Why Die Hard With A Vengeance's Bank Heist Caught The Real FBI's Attention

There is nothing more painful than a predictable heist in a movie. When a bunch of characters try to steal something with a plan both unimaginative or overdone — because you've seen it in a dozen other movies — it really stalls the plot. The thieves feel neither competent or formidable, which in turn, lowers the stakes for the whole movie. A great heist movie needs to remain grounded in realism while also continuing to surprise everyone from the characters trying to catch the criminals to the audience to ... the Federal Bureau of Investigation?

It's true that "Die Hard with a Vengeance" isn't simply a heist movie. Just as the first "Die Hard" disguised a robbery behind terrorism and hostages, the film's antagonist Simon Gruber (Jeremy Irons) pretends to seek revenge over the death of his brother Hans through a deadly game of cat-and-mouse with John McClane (Bruce Willis). All the while, he's distracting the authorities from his real target: $140 billion in gold bouillon. But Simon's plans originated in the mind of screenwriter Jonathan Hensleigh — which is probably why he was the first one questioned when the FBI turned up during pre-production for the film.

A screenwriter walks into a vault...

Both the heist and the filming of "Die Hard with a Vengeance" were ambitious affairs, if only because they involved so much of New York City. Simon holds an entire city hostage, sending McClane and shop owner/worried father Zeus Carver — played by Samuel L. Jackson, aka the self-sustaining best part of this movie — on a wild goose chase. Over the course of the film, a department store and subway are blown up, the duo dodge pedestrians driving through Central Park, a dam is destroyed and aqueduct flooded, oh, and the entire city's police department starts a school-by-school bomb search.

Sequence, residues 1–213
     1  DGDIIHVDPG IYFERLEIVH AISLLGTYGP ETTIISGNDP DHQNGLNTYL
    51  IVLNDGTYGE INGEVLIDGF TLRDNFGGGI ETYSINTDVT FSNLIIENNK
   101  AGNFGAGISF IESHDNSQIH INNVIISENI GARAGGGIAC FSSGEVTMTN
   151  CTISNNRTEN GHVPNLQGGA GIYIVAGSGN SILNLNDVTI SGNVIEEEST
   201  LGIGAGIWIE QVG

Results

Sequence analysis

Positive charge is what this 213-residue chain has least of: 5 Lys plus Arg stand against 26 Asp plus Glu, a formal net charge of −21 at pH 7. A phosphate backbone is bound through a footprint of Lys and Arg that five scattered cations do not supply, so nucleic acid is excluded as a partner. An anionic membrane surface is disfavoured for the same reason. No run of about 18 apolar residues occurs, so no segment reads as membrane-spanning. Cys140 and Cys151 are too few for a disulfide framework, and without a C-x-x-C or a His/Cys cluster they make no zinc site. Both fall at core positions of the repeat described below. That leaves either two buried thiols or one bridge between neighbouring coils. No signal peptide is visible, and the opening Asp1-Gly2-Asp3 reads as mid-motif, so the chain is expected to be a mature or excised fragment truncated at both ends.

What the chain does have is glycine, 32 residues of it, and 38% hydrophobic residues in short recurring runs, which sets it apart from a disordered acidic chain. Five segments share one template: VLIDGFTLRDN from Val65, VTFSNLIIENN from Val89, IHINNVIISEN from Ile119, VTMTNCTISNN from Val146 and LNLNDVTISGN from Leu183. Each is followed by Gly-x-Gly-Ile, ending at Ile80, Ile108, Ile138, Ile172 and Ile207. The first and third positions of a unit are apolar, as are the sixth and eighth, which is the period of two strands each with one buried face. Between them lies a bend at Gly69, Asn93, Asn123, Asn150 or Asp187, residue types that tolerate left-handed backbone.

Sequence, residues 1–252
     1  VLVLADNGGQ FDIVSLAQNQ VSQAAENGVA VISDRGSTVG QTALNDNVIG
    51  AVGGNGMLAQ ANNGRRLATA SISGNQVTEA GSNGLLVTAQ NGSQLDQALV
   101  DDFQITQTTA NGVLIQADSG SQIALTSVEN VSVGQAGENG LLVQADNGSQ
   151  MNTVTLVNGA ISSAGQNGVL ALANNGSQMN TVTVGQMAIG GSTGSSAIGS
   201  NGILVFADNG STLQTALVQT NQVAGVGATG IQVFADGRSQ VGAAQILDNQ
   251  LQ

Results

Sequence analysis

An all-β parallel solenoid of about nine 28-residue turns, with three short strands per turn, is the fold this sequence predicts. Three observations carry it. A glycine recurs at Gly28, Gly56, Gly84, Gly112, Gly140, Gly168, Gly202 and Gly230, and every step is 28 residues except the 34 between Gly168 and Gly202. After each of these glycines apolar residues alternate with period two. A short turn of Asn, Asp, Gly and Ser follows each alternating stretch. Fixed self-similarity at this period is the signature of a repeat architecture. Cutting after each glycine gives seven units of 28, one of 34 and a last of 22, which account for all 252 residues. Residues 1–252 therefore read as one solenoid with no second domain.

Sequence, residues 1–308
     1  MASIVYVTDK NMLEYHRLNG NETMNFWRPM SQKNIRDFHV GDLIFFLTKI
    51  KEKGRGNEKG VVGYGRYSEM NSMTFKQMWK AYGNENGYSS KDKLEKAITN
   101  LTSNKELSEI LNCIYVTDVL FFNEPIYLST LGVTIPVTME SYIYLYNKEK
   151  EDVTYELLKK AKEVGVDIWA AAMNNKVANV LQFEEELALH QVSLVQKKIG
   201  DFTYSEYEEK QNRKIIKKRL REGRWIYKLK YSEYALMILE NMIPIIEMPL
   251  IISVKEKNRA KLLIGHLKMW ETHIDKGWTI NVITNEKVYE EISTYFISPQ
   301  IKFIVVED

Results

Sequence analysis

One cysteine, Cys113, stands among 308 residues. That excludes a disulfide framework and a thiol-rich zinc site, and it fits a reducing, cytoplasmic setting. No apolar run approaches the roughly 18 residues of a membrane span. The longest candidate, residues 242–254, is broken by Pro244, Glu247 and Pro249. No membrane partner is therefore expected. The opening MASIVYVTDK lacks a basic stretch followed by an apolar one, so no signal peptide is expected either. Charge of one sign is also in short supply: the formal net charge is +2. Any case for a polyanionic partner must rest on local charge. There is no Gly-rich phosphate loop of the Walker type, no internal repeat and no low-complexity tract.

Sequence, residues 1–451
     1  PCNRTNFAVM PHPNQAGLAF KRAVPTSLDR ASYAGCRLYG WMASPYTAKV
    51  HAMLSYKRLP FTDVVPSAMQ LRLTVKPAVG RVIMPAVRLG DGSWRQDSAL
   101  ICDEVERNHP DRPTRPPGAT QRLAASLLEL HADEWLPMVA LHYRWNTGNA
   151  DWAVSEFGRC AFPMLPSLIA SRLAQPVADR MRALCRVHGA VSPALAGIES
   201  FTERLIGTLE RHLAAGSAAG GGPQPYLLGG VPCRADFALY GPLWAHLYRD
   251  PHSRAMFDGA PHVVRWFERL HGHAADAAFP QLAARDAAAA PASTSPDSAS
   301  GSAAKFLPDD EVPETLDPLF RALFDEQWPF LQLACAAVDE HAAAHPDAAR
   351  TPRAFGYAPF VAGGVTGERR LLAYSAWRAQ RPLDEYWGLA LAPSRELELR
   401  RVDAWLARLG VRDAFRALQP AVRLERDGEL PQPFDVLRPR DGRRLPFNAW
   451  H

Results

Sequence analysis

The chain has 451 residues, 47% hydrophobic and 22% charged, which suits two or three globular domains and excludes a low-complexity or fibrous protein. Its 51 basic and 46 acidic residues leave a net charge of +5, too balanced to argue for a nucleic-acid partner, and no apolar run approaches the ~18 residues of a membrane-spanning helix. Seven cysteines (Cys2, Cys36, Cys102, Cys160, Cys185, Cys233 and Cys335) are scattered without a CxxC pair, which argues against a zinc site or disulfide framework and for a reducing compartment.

But as reported by Uproxx, when certain officials looked over Hensleigh's script, the one thing that really concerned them was the writer's knowledge of a certain vault — or more specifically — how to get into it:

"When the script was being vetted by all the authorities in New York, obviously the New York Police Department had to read the script for a number of reasons. One day I got a call from the FBI. They were extremely concerned about how I knew so much about the Federal Reserve, and how the Federal Reserve's vaults were really close to a subway spur, and logistically about the aqueduct tunnel, etc. I said, 'Well guys, the reason why I know what the vault looks like in the Federal Reserve is because they let us down there. They showed it to us. The reason why I know that a subway spur is very close to the vault and that you could actually tunnel through it is because they showed us the plans and the layout. And the reason why I know there is an aqueduct tunnel coming down through Manhattan that you can drives these trucks through is because I read about it in the New York Times Sunday Magazine. I really don't have any kind of secret proprietary knowledge that I shouldn't have.'"

Imagine the face-palm whatever agents questioning Hensleigh might've given themselves after his answer. It's just both hilarious and a little bizarre that he penned a heist that put the FBI on alert with just a magazine and a "May I see the vault, please?" In fact, it's not too different from the way Simon himself enters the bank under the pretense of a currency exchange, but not even he makes it to the vault without some help. If the Grubers have a third brother, he should plan a heist under the guise of a screenwriter trying to get accurate details for his movie — that's what gets you on the vault floor.

Die Hard with a change to FBI security

So you're probably asking yourself: if the FBI was so concerned over the heist in "Die Hard with a Vengeance," does that mean they truly thought it was plausible? Could someone actually have planned a heist like the one in the film and gotten away with it? As they say life imitates art — and according to Hensleigh at least, that includes the FBI taking some pointers from the film:

"This one scene, our FBI guy said, 'You know it sounds crazy, but somebody could actually pull this off. We're going to actually have a sit-down [meeting] and talk about how we can improve the facility so that it could never happen.' That pleased me, actually."

You read that right, the FBI had a meeting over a heist in a "Die Hard" movie and made improvements on security to prevent the plot of an action movie from really happening. We're not sure if it's impressive or a little unsettling, but at the very least the window for breaking into the Federal Reserve building in New York using the plot from "Die Hard with a Vengreance" is most likely closed. Though we imagine any would-be thieves modeling their heist after only a movie might be putting all their eggs in the wrong basket.